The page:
4. Ignoring the need to manage your money properly

One critical thing to realize now about your freelancing business is that your income won’t come in equal amounts each month like it did when you worked in a permanent position. You’re going to have good months and not-so-good months. Busy times of year, and not-so-busy times of year.

Ideally, you should have money for at least a few months of living expenses in your bank account, and that includes rent or mortgage payments. That’s not only sound financial advice, it will give you peace of mind during a slow month knowing you can pay your bills.

Likewise, don’t go on a spending spree when you hit a steady flow of work. Buy that equipment you need and treat yourself for sure, but make sure you keep some of that income in reserve for the next dry spell.

Don’t forget to save for taxes

You no longer have an employer deducting income tax from your paychecks, so make sure you put away money for paying taxes.

Your accountant will know approximately how much money you should expect to pay in income tax. If you don’t have an accountant, get one—and in the meantime ask any freelance colleagues in your particular field what they pay in income tax. If you don’t have anyone to ask, it’s probably safe to expect to pay about 25% of your earnings after subtracting business expenses.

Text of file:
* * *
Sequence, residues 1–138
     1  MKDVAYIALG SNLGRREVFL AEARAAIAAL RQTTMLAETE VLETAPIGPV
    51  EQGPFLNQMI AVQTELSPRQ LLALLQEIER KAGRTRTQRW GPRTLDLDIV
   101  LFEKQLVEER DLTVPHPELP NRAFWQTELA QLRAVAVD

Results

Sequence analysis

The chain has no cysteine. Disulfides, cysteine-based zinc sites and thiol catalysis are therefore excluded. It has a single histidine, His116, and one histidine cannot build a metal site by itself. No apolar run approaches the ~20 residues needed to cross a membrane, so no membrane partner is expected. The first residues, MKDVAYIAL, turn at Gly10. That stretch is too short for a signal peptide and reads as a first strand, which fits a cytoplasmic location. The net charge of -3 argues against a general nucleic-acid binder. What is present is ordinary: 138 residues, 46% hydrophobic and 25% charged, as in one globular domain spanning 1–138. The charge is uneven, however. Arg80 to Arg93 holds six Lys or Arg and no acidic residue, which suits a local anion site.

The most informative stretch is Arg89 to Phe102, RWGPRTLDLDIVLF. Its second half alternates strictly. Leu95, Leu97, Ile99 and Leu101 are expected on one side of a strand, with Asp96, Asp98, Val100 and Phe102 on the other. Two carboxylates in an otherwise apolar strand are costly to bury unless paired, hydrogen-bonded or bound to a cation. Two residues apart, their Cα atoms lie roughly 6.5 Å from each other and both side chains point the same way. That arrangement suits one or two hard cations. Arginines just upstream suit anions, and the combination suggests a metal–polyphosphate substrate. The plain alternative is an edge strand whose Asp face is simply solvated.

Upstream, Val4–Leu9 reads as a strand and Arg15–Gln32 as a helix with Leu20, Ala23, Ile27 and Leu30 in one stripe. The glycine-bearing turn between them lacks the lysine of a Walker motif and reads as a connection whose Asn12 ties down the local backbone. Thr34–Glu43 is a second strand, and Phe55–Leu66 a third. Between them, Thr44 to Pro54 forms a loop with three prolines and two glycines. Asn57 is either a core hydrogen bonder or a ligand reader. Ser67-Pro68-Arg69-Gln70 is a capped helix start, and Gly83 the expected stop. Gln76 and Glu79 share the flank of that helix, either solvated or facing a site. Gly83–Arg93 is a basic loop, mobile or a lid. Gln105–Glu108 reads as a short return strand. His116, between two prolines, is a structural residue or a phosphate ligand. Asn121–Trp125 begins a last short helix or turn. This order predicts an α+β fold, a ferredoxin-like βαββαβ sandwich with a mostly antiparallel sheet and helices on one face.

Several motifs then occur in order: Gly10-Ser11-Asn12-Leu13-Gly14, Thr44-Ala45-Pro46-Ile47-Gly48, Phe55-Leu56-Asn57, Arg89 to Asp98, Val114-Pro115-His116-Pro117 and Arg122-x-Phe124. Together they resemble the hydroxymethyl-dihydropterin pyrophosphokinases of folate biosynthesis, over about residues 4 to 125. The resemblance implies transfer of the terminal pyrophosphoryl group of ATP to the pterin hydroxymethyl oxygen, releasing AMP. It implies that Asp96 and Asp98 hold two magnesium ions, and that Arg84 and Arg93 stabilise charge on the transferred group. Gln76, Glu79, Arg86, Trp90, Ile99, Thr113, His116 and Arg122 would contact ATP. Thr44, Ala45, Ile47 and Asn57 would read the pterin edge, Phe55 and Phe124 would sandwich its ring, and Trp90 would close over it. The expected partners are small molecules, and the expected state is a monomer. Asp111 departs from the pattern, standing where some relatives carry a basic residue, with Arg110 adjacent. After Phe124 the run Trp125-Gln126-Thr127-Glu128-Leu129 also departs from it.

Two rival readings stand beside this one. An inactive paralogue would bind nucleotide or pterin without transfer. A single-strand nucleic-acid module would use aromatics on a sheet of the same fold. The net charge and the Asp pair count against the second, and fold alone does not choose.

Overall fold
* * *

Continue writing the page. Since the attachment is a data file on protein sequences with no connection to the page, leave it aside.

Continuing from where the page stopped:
What are your business expenses? That’s another good reason to get an accountant. They can tell you what you can claim, which may even include some household expenses if you have a home office, like part of your utility bills and house maintenance costs.

5. Not finding the best use of your time

Besides managing your money, you also need to manage your time efficiently when you are a freelancer.

That means more than just making sure you don’t sleep in every day until noon and leave all your work to the last moment. It means making sure you are spending your valuable time on the things that are the most important to your business, and to you.

Streamline your work